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4. CN. DOMITIUS CN. F. CN. N. AHENOBARBUS, son of the preceding, was tribune of the plebs B. C. 104, in the second consulship of Marius. (Ascon. in Cornel. p. 81, ed. Orelli.) When the college of pontiffs did not elect him in place of his father, he brought forward the law (Lex Domitia), by which the right of election was transferred from the priestly colleges to the people. (Dict. of Ant. pp. 773, b. 774, a.) The people afterwards elected him Pontifex Maximus out of gratitude. (Liv. Epit. 67; Cic. pro Deiot. 11; V. Max. 6.5.5.) He prosecuted in his tribunate and afterwards several of his private enemies, as Aemilius Scaurus and Junius Silanus. (Val. Max. l.c. ; Dio Cass. Fr. 100; Cic. Div. in Caecil. 20, Verr. 2.47, Cornel. 2, pro Scaur. 1.) He was consul B. C. 96 with C. Cassius, and censor B. C. 92, with Licinius Crassus, the orator. In his censorship he and his colleague shut up the schools of the Latin rhetoricians (Cic. de Orat. 3.24; Gel. 15.11), but this was the only thing in which they acted in concert. Their censorship was long celebrated for their disputes. Domitius was of a violent temper, and was moreover in favour of the ancient simplicity of living, while Crassus loved luxury and encouraged art. Among the many sayings recorded of both, we are told that Crassus observed, " that it was no wonder that a man had a beard of brass, who had a mouth of iron and a heart of lead." (Plin. Nat. 18.1; Suet. l.c.; Val. Max. 9.1.4; Macr. 2.11.) Cicero says, that Domitius was not to be reckoned among the orators, but that he spoke well enough and had sufficient talent to maintain his high rank. (Cic. Brut. 44.)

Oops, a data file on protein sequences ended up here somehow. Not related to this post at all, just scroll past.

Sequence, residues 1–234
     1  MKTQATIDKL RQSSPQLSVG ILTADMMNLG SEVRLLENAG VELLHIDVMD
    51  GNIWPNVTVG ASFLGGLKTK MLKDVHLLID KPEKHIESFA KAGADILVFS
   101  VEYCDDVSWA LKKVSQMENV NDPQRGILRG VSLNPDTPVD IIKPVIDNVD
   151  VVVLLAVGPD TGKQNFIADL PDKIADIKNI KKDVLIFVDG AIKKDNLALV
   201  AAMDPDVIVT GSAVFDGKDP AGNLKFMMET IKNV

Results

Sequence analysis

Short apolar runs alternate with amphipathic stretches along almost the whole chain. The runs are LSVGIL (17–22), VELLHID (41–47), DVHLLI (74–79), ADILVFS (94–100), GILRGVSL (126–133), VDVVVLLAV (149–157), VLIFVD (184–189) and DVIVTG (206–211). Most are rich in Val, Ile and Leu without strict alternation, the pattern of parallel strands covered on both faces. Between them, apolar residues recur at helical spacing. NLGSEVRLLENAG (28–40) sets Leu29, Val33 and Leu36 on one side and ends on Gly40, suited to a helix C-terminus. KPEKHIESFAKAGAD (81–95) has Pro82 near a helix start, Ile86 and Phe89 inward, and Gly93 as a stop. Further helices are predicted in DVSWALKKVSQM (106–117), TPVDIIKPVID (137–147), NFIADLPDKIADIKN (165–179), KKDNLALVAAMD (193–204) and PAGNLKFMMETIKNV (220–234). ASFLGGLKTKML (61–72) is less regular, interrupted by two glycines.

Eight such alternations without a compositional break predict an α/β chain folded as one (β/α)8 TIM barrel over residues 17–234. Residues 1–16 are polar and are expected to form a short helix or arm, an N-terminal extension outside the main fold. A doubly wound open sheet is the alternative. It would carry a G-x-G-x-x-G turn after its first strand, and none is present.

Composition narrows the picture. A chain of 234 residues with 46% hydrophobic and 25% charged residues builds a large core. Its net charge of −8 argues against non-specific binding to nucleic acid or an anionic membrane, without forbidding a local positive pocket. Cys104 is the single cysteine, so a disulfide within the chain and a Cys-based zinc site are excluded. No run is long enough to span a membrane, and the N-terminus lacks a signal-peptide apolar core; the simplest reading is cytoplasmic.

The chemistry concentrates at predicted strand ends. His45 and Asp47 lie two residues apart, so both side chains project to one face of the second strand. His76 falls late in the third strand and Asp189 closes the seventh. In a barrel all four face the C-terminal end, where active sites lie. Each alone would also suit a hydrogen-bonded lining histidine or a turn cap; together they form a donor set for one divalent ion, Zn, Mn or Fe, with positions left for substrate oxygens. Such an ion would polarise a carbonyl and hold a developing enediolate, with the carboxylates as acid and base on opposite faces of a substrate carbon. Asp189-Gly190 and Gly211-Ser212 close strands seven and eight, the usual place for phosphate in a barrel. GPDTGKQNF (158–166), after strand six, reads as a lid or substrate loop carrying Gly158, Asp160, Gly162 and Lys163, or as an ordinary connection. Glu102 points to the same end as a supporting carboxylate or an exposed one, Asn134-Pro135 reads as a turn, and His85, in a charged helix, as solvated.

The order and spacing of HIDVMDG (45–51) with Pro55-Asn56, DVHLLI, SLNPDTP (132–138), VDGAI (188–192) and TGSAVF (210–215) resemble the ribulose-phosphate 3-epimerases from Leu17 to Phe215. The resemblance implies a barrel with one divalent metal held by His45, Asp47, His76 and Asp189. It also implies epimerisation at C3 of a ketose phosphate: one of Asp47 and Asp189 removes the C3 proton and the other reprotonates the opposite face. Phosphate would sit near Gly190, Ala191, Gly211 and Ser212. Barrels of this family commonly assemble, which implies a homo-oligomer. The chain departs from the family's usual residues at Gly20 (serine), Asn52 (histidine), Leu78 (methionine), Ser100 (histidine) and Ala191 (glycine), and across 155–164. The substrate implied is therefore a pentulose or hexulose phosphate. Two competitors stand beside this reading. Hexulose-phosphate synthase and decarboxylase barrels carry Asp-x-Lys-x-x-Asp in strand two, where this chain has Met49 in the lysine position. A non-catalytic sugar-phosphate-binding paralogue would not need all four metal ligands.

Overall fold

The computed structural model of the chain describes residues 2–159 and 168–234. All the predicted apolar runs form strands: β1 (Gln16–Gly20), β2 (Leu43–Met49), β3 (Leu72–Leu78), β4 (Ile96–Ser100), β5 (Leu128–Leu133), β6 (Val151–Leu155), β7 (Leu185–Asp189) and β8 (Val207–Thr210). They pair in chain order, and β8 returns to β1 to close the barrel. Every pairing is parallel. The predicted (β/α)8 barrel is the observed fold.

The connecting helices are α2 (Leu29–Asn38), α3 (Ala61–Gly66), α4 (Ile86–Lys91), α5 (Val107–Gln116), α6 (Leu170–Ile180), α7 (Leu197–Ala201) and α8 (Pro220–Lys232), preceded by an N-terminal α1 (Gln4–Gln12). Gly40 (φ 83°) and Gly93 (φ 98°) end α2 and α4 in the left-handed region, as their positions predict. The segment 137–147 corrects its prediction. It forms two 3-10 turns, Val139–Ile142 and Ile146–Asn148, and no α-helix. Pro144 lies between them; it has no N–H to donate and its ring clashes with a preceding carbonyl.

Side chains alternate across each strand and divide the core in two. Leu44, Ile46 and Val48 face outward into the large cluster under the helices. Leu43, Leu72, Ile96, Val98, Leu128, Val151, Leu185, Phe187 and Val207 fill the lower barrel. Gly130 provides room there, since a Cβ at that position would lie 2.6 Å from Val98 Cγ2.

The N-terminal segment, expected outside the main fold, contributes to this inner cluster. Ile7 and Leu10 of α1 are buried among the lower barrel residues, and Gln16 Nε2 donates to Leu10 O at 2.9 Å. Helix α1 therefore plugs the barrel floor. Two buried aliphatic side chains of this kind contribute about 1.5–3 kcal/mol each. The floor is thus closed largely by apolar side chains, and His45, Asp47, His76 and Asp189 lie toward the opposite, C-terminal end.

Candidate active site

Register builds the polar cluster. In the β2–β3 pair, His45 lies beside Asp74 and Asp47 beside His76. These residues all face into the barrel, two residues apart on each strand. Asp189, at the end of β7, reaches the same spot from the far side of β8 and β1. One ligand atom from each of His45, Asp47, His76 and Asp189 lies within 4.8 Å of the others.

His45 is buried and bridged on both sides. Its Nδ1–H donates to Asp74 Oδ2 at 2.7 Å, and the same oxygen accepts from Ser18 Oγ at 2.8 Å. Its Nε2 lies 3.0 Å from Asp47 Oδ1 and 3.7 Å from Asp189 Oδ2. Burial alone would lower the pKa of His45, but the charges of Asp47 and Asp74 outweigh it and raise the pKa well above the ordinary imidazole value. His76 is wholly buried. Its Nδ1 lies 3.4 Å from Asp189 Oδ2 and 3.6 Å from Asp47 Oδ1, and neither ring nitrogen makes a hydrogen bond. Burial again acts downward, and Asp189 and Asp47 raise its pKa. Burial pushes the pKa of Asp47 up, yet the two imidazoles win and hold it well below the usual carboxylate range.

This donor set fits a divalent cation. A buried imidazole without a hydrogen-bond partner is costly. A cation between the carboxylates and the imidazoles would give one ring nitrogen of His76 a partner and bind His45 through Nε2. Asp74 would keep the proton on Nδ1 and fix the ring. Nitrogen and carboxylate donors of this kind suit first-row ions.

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  • Cross-references from this page (5):
    • Cicero, On Oratory, 3.24
    • Pliny the Elder, Naturalis Historia, 18.1
    • Gellius, Noctes Atticae, 15.11
    • Cicero, Brutus, 44
    • Valerius Maximus, Facta et Dicta Memorabilia, 6.5.5
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